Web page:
Posted by Bill Sandweg on 01 February 2021.
In my job as an attorney representing victims of medical malpractice, it is critically important to be able to read and understand medical records and to be able to examine and cross-examine doctors, who appear as defendants or witnesses. Both of these tasks require familiarity with medical terminology.
When I first began doing medical malpractice work, I was intimidated by medical terminology. How was I ever going to understand all these terms? Turns out my concerns were unwarranted. It is easy to understand the terms when you realize they are all put together pretty much the same way.
Most medical terms consist of a prefix, a root and a suffix or some combination of them. For example, hyponatremia consists of a prefix, “hypo,” meaning not enough, a root, “na,” the abbreviation for sodium, and a suffix, “emia,” meaning in the blood. Hyponatremia, therefore, means there is not enough sodium in the patient’s blood. What if there is too much sodium in the blood? Easy. All we do is substitute “hyper,” meaning too much for “hypo” and we get hypernatremia, too much sodium in the blood.
“Hypo” and “hyper” are very common medical prefixes. You have probably seen them often. Hypotension and hypertension for low and high blood pressure. Hypoglycemia and hyperglycemia for too little and too much sugar in the blood. Hypoxemia for too little oxygen in the blood. Hyperlipidemia for too much cholesterol in the blood.
Other common prefixes are “hemi,” meaning half, “hemo,” meaning blood, “inter,” meaning between, “intra,” meaning inside, “retro,” behind and “post,” meaning after. “Brady” is too slow and “tachy” is too fast as in bradycardia, slow heartbeat, and tachycardia, fast hearbeat. Here is a link to a good listing of various medical terms. There is an even better one here from Wikipedia.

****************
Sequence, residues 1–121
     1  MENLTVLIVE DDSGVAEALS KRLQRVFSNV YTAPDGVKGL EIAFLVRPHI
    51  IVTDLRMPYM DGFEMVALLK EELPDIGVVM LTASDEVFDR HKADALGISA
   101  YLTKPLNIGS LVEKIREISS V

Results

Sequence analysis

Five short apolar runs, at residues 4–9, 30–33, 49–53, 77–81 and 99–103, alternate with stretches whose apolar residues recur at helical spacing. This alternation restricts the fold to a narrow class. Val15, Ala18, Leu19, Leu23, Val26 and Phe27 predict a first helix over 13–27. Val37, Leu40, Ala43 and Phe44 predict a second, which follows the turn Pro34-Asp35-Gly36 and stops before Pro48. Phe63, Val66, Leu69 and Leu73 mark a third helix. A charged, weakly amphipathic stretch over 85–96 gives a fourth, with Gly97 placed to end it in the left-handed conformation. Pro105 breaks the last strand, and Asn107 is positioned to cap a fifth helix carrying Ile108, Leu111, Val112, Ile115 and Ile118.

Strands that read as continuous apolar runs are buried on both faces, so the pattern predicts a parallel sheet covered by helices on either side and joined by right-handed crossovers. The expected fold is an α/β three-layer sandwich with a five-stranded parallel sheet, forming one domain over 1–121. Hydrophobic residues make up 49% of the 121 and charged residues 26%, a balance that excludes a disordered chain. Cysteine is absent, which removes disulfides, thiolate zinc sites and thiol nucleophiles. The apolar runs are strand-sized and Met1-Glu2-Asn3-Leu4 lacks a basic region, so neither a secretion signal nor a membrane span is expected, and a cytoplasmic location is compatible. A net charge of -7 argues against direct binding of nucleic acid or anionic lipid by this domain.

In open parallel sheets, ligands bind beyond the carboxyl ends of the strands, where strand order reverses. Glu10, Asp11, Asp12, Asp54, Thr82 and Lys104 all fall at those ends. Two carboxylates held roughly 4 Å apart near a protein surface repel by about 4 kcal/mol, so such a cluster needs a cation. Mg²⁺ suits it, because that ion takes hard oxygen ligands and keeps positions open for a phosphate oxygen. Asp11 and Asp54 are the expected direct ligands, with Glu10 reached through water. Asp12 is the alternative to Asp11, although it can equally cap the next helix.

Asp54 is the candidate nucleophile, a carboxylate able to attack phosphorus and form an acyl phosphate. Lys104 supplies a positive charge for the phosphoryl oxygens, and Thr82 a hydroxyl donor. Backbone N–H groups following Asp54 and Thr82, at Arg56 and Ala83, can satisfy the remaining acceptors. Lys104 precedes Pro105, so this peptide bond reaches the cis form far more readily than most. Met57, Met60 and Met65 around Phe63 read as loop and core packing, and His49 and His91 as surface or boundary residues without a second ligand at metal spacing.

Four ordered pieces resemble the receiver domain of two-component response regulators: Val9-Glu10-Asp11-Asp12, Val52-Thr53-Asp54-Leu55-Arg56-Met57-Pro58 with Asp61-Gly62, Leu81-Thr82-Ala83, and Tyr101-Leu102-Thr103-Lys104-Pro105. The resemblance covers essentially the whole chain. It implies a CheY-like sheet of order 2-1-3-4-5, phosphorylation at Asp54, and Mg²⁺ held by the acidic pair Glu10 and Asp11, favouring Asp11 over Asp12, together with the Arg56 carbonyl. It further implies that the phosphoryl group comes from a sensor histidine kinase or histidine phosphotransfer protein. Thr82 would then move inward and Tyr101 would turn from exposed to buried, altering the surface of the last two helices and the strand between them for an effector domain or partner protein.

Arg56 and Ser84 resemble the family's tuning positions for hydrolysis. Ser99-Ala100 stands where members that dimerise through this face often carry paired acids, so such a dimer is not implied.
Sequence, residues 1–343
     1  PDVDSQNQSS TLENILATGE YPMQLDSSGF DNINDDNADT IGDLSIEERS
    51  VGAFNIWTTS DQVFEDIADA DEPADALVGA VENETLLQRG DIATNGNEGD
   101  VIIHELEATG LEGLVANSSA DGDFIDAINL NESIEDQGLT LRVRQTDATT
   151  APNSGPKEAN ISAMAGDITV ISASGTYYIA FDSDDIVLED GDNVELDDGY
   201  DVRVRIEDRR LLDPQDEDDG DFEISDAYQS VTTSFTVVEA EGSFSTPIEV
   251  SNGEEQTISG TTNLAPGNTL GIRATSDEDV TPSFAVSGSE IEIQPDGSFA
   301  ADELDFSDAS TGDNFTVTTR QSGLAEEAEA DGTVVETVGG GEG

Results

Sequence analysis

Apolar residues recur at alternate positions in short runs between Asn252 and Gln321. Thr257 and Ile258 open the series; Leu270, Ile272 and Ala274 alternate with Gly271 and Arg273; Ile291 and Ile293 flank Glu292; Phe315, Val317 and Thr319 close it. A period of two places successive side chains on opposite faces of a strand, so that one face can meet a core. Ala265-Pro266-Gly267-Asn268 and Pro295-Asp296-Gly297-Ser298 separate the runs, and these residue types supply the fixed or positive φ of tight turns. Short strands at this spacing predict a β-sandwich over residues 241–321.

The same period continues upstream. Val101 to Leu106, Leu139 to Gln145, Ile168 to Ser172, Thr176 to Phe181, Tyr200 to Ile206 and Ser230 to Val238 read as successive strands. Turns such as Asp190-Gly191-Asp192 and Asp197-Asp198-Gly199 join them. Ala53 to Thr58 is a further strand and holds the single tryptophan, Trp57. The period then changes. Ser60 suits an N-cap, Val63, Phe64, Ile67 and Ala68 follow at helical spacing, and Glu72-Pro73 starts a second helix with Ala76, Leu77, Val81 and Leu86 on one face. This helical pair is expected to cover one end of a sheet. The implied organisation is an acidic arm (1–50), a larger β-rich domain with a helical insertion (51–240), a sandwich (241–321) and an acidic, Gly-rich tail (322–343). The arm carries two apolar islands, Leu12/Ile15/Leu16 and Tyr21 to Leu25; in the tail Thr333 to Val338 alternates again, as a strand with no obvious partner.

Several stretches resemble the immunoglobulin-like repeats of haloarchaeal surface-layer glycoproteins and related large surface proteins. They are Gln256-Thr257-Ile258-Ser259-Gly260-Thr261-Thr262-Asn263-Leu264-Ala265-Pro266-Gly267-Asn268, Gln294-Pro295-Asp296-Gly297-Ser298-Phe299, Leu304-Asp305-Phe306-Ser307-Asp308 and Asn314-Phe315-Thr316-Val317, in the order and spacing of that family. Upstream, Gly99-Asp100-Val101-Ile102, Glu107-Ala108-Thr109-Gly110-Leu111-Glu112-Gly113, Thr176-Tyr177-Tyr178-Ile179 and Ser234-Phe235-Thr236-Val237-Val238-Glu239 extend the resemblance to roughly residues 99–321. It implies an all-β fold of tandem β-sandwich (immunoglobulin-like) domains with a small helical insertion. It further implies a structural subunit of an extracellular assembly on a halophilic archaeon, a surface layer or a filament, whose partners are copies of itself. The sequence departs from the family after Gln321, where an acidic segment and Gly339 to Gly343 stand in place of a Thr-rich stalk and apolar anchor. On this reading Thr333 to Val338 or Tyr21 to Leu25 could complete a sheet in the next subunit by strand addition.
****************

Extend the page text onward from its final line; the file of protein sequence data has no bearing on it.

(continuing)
You have probably seen many of the most common medical suffixes as well. “Ectomy” means to remove something. For example, hysterectomy means the removal of the uterus and appendectomy means the removal of the appendix. “Otomy” means to create an opening. A laparotomy is an incision in the abdomen and phlebotomy is opening a blood vessel to take blood. “Itis” means inflammation. Vasculitis is inflammation of the blood vessels while myocarditis is inflammation of the heart muscle. “Edema” is swelling. Lymphadema is swelling of the lymph glands. “Plasty” is the molding or shaping of something due to surgery. Arthroplasty is a form of joint repair. “Pathy” is usually some sort of a disease process. Cardiomyopathy means something wrong with the heart muscle. Retinopathy is something wrong with the retina in the eye.
The root words, some of which appear in the picture above, generally identify body parts to which the prefixes and suffixes will apply. “Cardio” is heart, “remal” is kidney, “hepato” is liver, “myo” is muscle, “hemo” is blood and “derma” is skin.
A list of all or even most of the common medical terms is well beyond the scope of this post. The point I want to make is that these are pretty simple constructs that should not be intimidating. Just take your time and break the terms down into their constituent parts. You will find them easy to grasp. Then you need to work on your pronounciation.